This week, I thought I’d try something a little different: a few mini-reviews of some of the (surprisingly many) new restaurants which have been opening all over New Haven.
I’ve written reviews in the past, but I thought a shorter form mini-review may be more informative and let’s face it, how much can you really say about one Pho place.
So let’s try this out and if it’s terrible and you hate it, we’ll never try again.
Amoy’s Brings Cajun Flavor to South Orange Street
I have no idea how New Haven went so long without any Cajun or Creole food and now, with Queen Zuri, we suddenly have two, but have no doubts in your mind: Amoy’s is the superior restaurant.
Tucked into this little street between Thali and Hunan House, Amoy’s transports a little bit of New Orleans straight to the Ninth Square.
Done up with purple walls and jazz pianists all over the wall, this place oozes Nola. Luckily, it has the food chops to back it up.
They started us with some sweet cornbread, warm right out of the oven and holy cow I think I saw an angel ascend to the Heavens cause that stuff is good. Absolutely worth the sticky hands.
I ordered the Shrimp Po’ Boy, which came out exactly as I imagine a Po’ Boy should (and no I’m not comfortable saying that word out loud). Just the right amount of mayo, tomato, and perfectly fried shrimp on a soft, doughy roll. It isn’t fancy. But it will hit the spot.
My friend got the Jambalaya, which had a nice kick to it, and some great, deep flavors.
The service was a little slow given we were quite literally the only people in the restaurant, but as the waiter (owner?) ambled over, I had to remind myself, this is a Southern thing. They just move slow. It’s not their fault, they don’t have that impatient New England blood in their veins.
They weren’t serving alcohol when I went, so it was BYOB, but that may change if/when they get a liquor license.
Yay: Shrimp Po’ Boy, Jambalaya, Awesome Sweet Cornbread
Meh: Slowish service, lack of music in empty restaurant
‘Authentic’ Western Chinese Cuisine Debuts at Hunan House
Reading about the owner of Hunan House, she wanted to bring “authentic” Hunan cuisine (I wouldn’t have any idea if it was or wasn’t) to New Haven, given the dearth of legitimate Chinese restaurants around.
When you walk in, it will remind you of… just about every other Chinese restaurant you’ve been to, including its previous tenant, Royal Palace (RIP awesome crab rangoon). White walls. A few decorations. It’s sparse.
I called ahead and found out they didn’t have their liquor license so we brought a bottle of wine (nobody else got the memo, sorry jerks!). They brought us wine glasses and we glossed over the immense menu.
While it may have authentic dishes, it also has… I mean, just about everything. There’s probably a hamburger on there somewhere.
I was torn so we asked the waiter what her favorite seafood dishes were, and we got them: the Fish in Hot Chili Sauce and the Salt and Pepper Prawns.
Now, I’m not sure if you’ve ever tried to eat prawn before, but it should come with some kind of manual. It turns out you basically just peel them open, coating your fingers in a nice prawn/salt dust, and then bam, you eat them.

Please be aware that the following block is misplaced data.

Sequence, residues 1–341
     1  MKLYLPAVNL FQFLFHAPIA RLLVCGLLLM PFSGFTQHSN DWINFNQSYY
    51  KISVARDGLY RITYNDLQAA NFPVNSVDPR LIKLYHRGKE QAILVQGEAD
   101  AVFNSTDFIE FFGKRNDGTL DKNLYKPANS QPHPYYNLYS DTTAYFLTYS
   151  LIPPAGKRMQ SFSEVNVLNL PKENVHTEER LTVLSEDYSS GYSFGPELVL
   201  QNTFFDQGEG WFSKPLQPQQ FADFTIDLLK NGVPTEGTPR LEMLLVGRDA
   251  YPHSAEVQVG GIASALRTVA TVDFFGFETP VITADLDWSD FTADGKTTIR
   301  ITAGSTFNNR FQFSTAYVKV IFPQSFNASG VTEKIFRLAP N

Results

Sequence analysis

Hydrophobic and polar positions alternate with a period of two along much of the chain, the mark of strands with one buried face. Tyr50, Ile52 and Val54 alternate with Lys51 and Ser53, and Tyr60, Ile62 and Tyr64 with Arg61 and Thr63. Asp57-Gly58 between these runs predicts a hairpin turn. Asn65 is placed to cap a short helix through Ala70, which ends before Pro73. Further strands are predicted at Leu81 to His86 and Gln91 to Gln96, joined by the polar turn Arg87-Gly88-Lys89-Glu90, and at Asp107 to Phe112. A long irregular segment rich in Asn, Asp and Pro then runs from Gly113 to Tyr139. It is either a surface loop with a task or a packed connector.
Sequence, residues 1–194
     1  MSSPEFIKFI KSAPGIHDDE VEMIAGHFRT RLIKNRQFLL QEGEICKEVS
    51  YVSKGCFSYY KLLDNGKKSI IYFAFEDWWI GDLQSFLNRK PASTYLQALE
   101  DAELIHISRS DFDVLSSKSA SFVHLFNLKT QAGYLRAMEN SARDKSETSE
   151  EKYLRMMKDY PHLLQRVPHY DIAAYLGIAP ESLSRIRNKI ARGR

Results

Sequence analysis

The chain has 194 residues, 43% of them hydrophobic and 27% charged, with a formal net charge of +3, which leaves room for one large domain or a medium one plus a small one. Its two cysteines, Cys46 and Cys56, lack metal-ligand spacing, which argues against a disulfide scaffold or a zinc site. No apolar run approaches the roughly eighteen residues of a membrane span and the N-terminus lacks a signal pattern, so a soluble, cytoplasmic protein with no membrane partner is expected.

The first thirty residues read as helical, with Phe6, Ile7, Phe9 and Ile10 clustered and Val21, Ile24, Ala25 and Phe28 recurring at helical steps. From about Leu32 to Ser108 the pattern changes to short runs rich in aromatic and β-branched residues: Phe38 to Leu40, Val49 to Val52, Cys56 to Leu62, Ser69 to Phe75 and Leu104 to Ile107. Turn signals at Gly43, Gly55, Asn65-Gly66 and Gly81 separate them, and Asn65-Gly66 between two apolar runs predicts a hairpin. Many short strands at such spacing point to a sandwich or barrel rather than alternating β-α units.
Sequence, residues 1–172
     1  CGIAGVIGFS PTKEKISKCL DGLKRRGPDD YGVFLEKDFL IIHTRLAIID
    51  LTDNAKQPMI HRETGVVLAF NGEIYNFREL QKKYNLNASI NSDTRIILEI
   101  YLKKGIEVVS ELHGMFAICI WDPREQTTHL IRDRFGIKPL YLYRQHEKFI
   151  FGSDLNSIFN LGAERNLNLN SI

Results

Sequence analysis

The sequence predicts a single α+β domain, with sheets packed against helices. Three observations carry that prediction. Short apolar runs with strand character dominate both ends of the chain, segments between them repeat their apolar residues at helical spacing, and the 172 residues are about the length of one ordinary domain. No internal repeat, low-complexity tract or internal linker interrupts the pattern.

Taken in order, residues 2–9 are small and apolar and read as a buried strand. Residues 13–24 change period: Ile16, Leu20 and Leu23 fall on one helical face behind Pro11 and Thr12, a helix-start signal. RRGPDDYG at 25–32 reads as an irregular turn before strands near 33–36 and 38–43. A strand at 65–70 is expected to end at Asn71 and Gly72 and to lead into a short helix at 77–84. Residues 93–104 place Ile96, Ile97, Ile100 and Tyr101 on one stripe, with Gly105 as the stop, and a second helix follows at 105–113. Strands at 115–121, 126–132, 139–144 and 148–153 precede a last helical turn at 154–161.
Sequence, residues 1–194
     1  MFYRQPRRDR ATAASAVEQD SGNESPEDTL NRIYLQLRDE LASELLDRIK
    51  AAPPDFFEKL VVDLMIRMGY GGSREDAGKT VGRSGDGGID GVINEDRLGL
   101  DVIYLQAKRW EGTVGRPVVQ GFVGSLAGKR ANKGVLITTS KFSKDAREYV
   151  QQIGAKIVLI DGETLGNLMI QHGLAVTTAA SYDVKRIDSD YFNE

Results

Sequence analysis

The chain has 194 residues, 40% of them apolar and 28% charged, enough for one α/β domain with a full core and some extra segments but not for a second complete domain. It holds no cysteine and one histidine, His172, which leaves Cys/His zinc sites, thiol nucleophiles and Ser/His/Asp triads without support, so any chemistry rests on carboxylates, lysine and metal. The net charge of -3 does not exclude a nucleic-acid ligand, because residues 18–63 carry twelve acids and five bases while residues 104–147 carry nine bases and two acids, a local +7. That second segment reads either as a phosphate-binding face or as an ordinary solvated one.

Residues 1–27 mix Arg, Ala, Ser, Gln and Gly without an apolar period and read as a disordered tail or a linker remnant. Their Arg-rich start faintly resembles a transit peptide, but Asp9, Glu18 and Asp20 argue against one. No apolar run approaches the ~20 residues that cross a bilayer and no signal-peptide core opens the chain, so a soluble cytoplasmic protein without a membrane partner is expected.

It’s not a good look on a date, if you were wondering.
Meanwhile, the Fish in Hot Chili Sauce, which is exactly what it sounds like, was actually pretty out of this world. Just the right amount of spice, and it just had this robust, deep flavor to it. We were both pretty enamored by it.
For some reason, when it came time to pay, the folks at Hunan House totally forgot we were there, even though everyone else had left, but hey, we had wine, so whatever!
Yay: Fish in Chili Sauce Most Literal Dish Ever, BYOB
Meh: Prawns are hard to eat, they don’t like taking your money
Pho Ketkeo Brings Another Pho Option to New Haven
If you haven’t noticed Pho Ketkeo yet, don’t blame yourself. It’s tucked away in the monstrosity that is the Temple Street Garage, past K2, in an unassuming little area that looks like it could be a laundromat.
That’s because the lighting is terrible. It’s basically like eating at a laundromat. I think they also are BYOB/no liquor license, but I didn’t ask.
The ambiance is… a little stark, let’s say. But you’re not here for ambiance, you’re here for Pho (pronounce it “Fuh” you heathen).
While not quite Mechanoodle quality (what is?!), the Pho here is actually quite excellent. And unlike Mecha, they actually have more than one vegetarian option, which I really appreciate.
They also provide some chili oil on the side, with a warning that it’s very hot.
I will repeat the warning: It’s very hot.
I don’t know if my companion was impressed by how much I was sweating while eating my pho due to the deranged amount of chili oil put in there, but… I’m pretty sure she was. Cause who wouldn’t be?
Yay: Solid vegetarian options, all the heat you can handle
Meh: Eating in a laundromat is definitely a kind of ambiance
Also, I kind of missed a chance to do a review of Mechanoodle, but let’s just say it: It’s awesome. If you haven’t been, go. It’s fantastic.
So what should I write about next week?
I came to the Amoy’s restaurant today to see what it was all about. I also came very hungry but I left shortly after because they weren’t open